Dogs are some of the most loyal and affectionate pets, so it’s no wonder why so many people want to own one. But when it comes to bringing a dog into an apartment building, there are a lot of factors you have to think about. Does your building or landlord have a strict pet policy? Will a dog feel cramped in your shoebox apartment?
Even things that should be simple, like going on a daily walk, can become complicated in an apartment environment. With that in mind, if you’re considering adopting a pup (or you and Fido already live together), here’s how to walk a dog in your apartment community:
Find a Dog-Friendly Apartment
It should go without saying, but one of the most important factors of taking Fido on walks in your apartment community is finding one that allows dogs in the first place– you don’t want to sneak around every time you need to take him out for some fresh air.
Better yet, look for a building that’s actively pet friendly if you can, like a place with a doggie recreation area or treats at the front desk.
Take Advantage of Nearby Green Spaces
When considering how to walk a dog in an apartment community, one of the main concerns is that running into other residents and potentially their dogs could cause some problems. So, look for other spots in your neighborhood where you and Fido can go to let off some steam and have a little more personal space.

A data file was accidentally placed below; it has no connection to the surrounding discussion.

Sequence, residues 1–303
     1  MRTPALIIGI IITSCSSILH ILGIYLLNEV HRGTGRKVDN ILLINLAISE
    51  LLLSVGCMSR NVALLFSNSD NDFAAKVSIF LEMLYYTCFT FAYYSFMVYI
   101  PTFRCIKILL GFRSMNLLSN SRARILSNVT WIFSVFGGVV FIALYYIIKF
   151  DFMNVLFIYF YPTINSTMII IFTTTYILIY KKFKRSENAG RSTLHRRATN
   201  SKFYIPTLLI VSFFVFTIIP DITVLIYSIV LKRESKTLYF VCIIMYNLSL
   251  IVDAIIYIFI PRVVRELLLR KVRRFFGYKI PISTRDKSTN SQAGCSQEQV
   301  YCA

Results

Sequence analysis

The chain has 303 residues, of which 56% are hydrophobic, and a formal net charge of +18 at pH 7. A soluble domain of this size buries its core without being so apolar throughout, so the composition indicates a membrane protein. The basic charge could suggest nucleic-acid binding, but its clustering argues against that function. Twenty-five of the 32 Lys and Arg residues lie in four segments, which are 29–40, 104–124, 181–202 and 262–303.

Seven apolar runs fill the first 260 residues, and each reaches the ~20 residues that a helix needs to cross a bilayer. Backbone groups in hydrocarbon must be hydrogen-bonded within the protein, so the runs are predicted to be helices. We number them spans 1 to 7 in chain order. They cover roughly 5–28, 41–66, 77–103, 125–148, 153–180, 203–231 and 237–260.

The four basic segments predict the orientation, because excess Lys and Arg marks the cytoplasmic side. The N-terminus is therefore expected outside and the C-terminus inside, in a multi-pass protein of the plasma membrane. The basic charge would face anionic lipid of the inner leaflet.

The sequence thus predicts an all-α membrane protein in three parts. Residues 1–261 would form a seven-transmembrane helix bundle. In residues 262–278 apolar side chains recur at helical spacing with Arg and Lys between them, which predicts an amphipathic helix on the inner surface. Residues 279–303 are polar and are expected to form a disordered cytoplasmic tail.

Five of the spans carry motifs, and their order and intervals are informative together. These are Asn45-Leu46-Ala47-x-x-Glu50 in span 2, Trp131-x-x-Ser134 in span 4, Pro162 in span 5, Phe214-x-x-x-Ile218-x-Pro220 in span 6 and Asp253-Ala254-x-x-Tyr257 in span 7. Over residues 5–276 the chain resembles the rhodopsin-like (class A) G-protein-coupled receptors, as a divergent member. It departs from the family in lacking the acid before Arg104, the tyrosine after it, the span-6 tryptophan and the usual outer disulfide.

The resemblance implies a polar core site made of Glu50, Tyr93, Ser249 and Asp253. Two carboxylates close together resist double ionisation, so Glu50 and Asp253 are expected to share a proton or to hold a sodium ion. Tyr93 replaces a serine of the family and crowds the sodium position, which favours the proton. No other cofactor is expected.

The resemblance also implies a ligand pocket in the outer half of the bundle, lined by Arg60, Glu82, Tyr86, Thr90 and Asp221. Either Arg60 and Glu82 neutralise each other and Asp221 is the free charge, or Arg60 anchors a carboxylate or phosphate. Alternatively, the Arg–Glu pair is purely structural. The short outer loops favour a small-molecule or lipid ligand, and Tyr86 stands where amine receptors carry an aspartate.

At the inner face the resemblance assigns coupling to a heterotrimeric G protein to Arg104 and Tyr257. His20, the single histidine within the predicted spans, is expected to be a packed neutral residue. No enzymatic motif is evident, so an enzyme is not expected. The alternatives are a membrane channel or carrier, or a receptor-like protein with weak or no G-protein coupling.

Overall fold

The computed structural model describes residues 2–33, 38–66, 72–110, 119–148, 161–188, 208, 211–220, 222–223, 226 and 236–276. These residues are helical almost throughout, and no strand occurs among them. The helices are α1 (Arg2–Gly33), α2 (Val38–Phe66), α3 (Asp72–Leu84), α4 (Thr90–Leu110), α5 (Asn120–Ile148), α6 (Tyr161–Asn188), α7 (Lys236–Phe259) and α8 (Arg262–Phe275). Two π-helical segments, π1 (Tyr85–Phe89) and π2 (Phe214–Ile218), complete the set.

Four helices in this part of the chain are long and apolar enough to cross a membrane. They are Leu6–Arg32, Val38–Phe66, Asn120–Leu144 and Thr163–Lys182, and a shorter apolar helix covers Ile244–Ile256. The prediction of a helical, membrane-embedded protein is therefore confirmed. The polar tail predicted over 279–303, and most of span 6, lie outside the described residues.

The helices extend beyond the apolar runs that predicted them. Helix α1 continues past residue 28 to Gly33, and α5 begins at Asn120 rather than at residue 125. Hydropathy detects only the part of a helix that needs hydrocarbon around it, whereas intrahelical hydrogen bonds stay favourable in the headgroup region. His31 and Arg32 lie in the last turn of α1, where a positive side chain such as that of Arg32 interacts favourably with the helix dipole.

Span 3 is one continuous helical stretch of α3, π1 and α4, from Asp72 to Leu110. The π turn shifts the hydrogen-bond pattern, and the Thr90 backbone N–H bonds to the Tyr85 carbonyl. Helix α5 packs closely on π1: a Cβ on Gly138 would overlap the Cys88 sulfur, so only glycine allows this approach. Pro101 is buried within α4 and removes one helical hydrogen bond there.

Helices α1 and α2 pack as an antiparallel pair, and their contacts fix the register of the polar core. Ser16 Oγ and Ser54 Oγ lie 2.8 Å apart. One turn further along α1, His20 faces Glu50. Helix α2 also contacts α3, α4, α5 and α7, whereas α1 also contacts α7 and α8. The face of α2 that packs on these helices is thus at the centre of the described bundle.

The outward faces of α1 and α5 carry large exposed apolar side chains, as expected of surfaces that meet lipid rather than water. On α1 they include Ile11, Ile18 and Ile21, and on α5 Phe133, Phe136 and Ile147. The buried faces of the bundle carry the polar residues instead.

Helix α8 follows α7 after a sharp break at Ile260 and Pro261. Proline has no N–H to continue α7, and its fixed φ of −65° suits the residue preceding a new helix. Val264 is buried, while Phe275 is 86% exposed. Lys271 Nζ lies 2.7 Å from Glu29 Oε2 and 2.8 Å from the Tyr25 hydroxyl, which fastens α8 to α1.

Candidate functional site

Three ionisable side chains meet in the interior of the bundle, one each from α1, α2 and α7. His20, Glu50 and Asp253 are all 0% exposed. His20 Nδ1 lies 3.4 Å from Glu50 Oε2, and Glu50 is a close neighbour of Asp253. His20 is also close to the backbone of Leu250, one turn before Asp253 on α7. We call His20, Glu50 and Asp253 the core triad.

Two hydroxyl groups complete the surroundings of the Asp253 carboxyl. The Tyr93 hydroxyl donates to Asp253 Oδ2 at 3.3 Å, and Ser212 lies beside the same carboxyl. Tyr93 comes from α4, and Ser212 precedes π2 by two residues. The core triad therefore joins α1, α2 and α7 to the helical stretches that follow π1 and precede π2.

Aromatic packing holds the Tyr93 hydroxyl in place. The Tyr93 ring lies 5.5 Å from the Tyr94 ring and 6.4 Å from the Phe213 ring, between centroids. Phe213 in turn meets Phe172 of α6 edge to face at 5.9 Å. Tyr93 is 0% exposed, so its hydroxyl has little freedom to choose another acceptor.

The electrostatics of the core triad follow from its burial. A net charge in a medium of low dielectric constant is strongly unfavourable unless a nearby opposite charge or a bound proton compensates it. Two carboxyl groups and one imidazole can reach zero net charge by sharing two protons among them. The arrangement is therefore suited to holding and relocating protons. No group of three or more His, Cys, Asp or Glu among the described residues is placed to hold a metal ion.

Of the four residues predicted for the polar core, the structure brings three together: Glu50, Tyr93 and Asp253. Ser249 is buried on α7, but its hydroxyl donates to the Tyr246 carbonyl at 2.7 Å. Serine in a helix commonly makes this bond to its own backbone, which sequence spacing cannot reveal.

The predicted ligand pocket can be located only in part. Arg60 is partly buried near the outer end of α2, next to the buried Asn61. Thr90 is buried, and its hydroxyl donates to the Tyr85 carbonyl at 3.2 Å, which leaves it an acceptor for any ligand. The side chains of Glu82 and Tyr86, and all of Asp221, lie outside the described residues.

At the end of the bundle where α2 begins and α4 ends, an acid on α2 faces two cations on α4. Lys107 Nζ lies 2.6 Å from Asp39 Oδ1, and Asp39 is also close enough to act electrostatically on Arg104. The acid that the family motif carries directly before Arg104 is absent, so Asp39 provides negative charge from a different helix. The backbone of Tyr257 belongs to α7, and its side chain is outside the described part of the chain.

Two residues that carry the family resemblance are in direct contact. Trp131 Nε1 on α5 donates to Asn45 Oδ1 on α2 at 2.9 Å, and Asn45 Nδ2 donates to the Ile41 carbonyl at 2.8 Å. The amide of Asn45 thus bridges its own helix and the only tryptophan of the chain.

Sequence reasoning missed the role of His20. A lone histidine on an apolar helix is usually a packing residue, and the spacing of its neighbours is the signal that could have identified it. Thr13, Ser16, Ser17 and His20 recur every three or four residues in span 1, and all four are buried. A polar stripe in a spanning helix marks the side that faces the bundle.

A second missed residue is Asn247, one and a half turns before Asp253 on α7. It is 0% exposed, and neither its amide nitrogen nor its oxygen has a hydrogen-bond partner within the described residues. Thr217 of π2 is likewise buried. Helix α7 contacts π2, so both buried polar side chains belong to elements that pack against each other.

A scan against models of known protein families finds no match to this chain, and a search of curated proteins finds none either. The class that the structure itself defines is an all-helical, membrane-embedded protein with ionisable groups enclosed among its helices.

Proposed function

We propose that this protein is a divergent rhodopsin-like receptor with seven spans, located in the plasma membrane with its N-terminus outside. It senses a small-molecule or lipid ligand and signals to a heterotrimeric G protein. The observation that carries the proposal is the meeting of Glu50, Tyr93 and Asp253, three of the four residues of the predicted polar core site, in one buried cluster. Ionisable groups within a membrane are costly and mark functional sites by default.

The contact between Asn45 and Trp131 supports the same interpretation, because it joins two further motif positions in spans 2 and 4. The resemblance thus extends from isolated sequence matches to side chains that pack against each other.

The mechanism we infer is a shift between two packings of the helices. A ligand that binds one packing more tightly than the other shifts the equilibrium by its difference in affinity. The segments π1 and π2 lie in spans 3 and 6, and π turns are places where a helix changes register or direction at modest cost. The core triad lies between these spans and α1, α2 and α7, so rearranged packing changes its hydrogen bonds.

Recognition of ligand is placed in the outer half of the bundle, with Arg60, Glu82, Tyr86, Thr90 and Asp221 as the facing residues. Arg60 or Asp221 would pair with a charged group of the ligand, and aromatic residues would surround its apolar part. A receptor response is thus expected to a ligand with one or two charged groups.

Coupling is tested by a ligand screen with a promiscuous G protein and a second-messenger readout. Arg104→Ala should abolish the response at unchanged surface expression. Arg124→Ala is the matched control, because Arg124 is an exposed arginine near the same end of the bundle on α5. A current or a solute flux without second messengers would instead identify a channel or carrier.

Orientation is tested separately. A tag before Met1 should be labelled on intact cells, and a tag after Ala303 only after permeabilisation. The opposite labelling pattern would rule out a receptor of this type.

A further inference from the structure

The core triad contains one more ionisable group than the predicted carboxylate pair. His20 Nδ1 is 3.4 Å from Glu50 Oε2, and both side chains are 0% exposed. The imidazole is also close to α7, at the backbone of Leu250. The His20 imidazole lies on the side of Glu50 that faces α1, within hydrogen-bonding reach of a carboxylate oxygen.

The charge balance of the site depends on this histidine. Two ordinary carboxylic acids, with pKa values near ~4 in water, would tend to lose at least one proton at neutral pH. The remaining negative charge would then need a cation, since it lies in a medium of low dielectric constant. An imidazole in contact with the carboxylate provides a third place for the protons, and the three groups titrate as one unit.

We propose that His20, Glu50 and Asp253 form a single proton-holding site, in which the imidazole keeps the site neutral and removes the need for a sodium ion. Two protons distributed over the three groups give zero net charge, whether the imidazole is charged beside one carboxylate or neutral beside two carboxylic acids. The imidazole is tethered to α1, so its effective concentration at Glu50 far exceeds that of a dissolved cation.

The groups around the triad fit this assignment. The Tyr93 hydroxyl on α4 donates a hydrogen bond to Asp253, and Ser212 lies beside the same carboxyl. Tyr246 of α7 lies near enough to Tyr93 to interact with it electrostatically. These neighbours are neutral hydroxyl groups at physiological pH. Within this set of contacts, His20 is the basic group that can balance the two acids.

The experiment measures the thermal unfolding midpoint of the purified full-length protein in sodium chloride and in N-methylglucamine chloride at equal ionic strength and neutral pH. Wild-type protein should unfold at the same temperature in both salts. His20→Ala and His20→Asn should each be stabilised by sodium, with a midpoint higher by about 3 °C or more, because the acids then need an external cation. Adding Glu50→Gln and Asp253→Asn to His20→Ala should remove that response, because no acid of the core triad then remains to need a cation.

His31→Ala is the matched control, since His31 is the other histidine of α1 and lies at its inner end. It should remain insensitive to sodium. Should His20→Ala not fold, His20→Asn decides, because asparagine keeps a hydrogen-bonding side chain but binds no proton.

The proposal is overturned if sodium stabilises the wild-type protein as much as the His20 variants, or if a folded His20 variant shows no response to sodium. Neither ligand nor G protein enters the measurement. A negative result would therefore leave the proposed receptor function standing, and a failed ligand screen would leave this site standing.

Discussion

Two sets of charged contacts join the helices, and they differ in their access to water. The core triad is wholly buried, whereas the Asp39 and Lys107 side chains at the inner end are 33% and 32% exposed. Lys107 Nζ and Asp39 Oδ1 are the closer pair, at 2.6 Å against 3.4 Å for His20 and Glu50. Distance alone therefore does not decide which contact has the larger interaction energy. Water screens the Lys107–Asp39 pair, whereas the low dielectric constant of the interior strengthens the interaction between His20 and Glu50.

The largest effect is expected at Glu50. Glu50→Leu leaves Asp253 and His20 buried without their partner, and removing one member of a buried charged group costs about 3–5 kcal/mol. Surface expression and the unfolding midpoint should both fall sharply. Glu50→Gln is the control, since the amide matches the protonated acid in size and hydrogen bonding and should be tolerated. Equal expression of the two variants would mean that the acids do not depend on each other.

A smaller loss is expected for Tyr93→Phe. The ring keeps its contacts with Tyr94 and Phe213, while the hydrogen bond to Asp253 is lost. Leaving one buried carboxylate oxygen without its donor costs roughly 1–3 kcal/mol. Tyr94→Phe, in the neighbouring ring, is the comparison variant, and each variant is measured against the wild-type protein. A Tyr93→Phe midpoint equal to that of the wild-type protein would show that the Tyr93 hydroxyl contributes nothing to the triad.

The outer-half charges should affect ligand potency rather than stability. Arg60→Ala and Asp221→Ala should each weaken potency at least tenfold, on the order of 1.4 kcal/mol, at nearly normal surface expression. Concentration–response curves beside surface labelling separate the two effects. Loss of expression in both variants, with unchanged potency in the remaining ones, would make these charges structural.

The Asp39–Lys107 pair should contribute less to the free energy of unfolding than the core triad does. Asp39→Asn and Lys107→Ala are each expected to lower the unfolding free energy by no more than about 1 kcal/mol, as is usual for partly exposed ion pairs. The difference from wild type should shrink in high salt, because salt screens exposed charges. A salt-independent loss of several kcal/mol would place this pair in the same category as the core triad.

Take your pooch to nearby parks, trails, and other green areas to get in some exercise. You may also want to find a dog park where you can let Fido have some off-leash time– taking him there and letting him get a lot of energy out will make him healthier and happier.
Keep Him on a Short Leash
Whenever you’re in your apartment building or community, practice the short-leash rule.
This will help you maintain control of him if he spots a dog he doesn’t particularly like or you run into another tenant of the building who doesn’t like him.
Be Courteous With Other Residents
If a lot of your neighbors have dogs, it’s a good idea to keep track of their dog-walking schedules so you can avoid having aggressive or distressing run-ins with them– especially if the two pups don’t get along.
Also, be courteous when deciding when you and Fido are going to take a walk. Early-morning or late-night neighborhood strolls may make sense for your schedule, but if you or your dog cause a lot of noise, you may disturb other people in your building.
Whether your apartment community has a dog recreation area or you simply have to take Fido through the building to get outside, make sure you stay alert at all times while inside.
Hallways, elevators, and stairways are all very close quarters, which means you and other pet-owners may have a hard time passing by one another without the chance of a fight breaking out between your dogs. Most importantly, it’s crucial to know your dog, recognize signs that he’s feeling scared or aggressive, and act accordingly.
No matter where you are, pick up your pup’s poop. Period. End of story.
Get Him Trained
All dogs, but younger ones especially, can benefit a lot from a little bit of puppy training. Even knowing just a few commands, like “wait,” “heel,” and “leave it,” can make a huge difference in your dog’s behavior while walking through a crowded building or playing fetch in a park.
Plus, if you’re planning to move again, prospective landlords will love seeing his dog-training certificate, so it’s really a win-win.
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